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|Keeping kids out of court|
|Thursday, 16 February 2012 10:56|
By Kelsi Loos for The CapitalHometownAnnapolis.com
Anne Arundel kids in trouble with the legal system now have options to keep themselves out of court.
It’s called community conferencing, and last June the Anne Arundel County Partnership for Children, Youth and Families tried out the program in collaboration with Circuit Court Judge Philip T. Caroom, Virgil Walker of the Department of Juvenile Services and Debbie Tall of the county police department.
“The whole point of it is to divert juveniles from the juvenile justice system,” said Pamela Brown, the director of the partnership.
When a young person commits a crime, police, school authorities, or any other official can refer the case to the Community Conferencing Program. If it is a minor offense and all parties involved, including the victim, agree to the conference, a mediation is scheduled at a convenient location, Brown said.
Professional mediators from Baltimore Community Conferencing Center help the victim and juvenile offender reach an agreement regarding appropriate restitution. This could include community service or paying back money for a stolen item. The agreement is signed by the victim, the offender and the offender’s parents, who also participate in the conference.
“We come up with an agreement that is community-based,” said Brown. “When that happens, we talk about diverting the child away from the system.”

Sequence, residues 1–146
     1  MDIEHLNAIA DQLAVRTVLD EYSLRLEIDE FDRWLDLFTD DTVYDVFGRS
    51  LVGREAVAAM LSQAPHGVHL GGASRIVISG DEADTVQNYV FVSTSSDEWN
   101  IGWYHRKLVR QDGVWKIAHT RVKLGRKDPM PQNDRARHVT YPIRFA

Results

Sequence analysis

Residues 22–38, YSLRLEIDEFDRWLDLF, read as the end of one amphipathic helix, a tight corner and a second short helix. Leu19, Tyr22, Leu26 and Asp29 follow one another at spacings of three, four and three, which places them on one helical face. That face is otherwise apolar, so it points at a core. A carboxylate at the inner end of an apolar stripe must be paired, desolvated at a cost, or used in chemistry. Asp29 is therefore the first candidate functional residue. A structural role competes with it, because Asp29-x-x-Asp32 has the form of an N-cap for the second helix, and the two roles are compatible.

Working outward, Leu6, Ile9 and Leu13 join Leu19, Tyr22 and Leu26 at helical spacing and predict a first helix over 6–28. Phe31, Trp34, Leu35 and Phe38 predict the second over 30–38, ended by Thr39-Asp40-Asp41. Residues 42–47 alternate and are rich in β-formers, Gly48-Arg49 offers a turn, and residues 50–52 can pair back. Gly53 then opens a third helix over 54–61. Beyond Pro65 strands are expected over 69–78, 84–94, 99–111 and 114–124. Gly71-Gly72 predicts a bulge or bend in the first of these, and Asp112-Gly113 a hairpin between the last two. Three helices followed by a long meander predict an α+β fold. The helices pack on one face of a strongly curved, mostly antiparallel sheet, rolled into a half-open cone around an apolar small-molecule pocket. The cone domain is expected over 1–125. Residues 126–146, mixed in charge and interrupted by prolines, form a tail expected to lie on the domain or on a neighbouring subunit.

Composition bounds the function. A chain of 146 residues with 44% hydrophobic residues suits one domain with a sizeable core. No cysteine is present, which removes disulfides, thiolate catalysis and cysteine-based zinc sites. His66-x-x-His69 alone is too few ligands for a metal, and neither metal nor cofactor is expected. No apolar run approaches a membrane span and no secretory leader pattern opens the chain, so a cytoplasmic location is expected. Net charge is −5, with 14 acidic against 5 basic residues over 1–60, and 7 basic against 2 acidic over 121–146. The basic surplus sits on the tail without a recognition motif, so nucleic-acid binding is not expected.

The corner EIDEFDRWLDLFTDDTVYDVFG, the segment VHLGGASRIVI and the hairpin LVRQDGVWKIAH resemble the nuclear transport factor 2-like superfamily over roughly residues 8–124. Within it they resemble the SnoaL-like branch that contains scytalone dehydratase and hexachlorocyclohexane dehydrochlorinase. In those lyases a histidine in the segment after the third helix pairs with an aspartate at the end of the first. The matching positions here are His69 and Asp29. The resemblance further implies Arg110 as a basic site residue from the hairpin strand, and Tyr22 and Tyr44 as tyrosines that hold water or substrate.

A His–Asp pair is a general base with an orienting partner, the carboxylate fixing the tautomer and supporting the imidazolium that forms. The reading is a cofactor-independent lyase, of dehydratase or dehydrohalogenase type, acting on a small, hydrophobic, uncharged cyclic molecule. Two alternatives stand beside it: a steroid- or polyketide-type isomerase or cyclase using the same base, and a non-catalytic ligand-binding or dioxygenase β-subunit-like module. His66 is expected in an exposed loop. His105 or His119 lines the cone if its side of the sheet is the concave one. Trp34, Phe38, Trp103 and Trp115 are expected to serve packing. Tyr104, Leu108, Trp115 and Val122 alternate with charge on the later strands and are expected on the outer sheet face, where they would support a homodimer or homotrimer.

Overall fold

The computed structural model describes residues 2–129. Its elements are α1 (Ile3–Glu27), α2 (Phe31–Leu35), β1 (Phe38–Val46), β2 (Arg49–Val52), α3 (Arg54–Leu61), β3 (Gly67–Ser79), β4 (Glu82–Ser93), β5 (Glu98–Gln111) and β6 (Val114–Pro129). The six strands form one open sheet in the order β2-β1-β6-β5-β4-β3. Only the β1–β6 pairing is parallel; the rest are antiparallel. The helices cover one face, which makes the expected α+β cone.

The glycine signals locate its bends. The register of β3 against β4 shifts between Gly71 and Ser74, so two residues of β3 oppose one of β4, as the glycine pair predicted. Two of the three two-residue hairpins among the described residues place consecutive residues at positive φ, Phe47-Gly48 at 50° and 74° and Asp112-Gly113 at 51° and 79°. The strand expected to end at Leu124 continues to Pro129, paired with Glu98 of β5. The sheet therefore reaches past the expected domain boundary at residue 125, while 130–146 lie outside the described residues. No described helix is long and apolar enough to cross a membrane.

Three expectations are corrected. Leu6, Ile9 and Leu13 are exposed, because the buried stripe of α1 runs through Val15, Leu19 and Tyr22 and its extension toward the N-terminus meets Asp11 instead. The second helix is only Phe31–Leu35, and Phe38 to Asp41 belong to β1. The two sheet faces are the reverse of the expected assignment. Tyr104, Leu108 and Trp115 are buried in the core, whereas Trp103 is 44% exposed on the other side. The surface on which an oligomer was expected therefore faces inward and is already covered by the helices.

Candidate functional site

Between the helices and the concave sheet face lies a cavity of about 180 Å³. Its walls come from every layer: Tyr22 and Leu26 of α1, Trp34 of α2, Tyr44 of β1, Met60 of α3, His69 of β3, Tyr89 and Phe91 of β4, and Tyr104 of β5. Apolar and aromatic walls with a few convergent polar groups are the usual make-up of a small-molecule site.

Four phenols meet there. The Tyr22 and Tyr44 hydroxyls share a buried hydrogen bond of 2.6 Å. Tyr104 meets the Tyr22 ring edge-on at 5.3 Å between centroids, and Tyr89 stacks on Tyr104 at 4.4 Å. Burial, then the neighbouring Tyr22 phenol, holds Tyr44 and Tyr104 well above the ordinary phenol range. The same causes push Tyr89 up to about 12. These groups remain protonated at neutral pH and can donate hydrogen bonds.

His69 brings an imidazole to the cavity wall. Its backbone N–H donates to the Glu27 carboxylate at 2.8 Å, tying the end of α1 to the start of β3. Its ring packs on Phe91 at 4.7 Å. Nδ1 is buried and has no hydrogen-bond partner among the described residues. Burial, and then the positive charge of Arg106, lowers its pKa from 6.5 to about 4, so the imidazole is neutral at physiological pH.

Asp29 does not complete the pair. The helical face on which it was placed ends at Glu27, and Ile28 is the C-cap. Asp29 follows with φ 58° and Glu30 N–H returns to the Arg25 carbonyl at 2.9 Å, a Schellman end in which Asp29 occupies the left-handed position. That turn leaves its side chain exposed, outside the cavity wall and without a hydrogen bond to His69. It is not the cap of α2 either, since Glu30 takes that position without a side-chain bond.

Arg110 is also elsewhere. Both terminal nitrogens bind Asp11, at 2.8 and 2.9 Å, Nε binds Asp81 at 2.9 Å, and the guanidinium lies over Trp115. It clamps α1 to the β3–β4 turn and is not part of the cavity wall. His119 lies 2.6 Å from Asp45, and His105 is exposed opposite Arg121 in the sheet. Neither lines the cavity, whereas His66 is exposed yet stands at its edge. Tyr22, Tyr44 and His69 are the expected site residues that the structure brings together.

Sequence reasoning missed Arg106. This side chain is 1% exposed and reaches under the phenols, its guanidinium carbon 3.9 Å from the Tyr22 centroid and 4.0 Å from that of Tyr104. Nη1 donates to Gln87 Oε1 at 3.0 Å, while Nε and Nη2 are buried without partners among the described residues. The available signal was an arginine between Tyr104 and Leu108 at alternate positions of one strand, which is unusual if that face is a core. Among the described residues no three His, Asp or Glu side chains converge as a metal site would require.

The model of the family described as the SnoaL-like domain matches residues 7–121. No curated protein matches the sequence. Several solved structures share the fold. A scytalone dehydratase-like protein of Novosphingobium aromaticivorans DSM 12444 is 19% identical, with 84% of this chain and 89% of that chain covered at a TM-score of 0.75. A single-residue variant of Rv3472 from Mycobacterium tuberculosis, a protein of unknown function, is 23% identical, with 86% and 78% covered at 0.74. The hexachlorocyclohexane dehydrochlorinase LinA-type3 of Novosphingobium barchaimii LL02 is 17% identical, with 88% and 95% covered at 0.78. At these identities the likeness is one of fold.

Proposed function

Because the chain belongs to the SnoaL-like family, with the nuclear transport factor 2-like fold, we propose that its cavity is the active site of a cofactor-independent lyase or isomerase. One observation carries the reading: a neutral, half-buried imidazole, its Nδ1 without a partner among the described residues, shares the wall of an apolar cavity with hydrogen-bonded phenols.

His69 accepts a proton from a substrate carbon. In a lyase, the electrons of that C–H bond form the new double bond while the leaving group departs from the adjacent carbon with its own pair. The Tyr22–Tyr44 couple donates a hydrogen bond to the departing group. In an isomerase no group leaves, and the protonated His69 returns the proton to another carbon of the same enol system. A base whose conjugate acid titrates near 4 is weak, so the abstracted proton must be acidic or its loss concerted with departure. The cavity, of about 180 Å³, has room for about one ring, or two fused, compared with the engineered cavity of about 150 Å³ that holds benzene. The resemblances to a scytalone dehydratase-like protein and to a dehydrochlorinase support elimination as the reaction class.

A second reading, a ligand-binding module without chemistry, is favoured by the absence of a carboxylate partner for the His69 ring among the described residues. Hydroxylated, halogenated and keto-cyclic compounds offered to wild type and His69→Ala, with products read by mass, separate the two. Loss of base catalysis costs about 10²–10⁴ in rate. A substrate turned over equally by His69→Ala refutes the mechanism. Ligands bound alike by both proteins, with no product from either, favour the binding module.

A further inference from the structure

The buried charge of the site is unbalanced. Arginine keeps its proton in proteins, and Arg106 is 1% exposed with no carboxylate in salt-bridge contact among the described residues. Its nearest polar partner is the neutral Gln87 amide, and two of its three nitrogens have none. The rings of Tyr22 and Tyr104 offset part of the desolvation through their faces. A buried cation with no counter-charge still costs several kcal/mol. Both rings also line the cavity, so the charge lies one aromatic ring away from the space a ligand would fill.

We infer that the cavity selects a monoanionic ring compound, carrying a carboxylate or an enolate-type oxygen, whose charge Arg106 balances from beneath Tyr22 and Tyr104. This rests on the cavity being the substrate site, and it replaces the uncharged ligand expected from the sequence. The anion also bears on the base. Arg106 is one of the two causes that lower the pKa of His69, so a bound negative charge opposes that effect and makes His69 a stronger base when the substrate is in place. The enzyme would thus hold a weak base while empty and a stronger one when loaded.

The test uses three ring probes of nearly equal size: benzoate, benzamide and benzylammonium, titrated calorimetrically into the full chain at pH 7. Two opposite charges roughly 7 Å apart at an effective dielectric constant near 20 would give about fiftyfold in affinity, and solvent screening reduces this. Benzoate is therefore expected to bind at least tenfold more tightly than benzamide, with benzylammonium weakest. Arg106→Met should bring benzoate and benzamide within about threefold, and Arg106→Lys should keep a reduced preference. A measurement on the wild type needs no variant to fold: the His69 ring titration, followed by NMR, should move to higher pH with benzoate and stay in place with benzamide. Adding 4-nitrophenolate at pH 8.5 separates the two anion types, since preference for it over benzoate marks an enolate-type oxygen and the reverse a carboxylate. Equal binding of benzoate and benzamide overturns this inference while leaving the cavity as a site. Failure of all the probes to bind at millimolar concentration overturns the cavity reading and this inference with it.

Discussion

From June to December last year, 215 cases were referred to the program, according to the partnership’s records. All of the children involved have complied with the agreements made by the conferences.
“They all want to comply,” said Ben Taylor, who organizes the conferences for the partnership. “It’s a way to keep out of the (court) system.”
Taylor and Brown also noted that the conferences are quicker and cheaper than juvenile court. Taylor said that while a conference can take up to three weeks to schedule, most usually take much less time. If a case goes through juvenile court, it can take about three months.
Brown could not provide specific numbers for the program’s budget, but said the cost of a mediation is only the salary of the partnership staff and a stipend for the mediator. That’s much less than the cost of putting a juvenile through the court system, which may include lawyers’ fees and costs associated with holding the suspect.
The Department of Juvenile Services estimates the cost of detaining a juvenile to be $446 per day. There may also be a $80 filing fee and a $55 juvenile court fee.
In addition to potentially saving court time and tax dollars, the conferencing program allows the community to be more involved in setting its own standards of justice, said Taylor.
“Victims have an outcome in the agreement,” he said. “They have a say in the outcome.”
When a resolution is reached, “there is lots of crying, lots of group hugging,” said Brown.
Along with Anne Arundel County and Baltimore City, some counties on the Eastern Shore use a community conferencing specialist on a case-by-case basis. Other jurisdictions are planning to launch similar programs.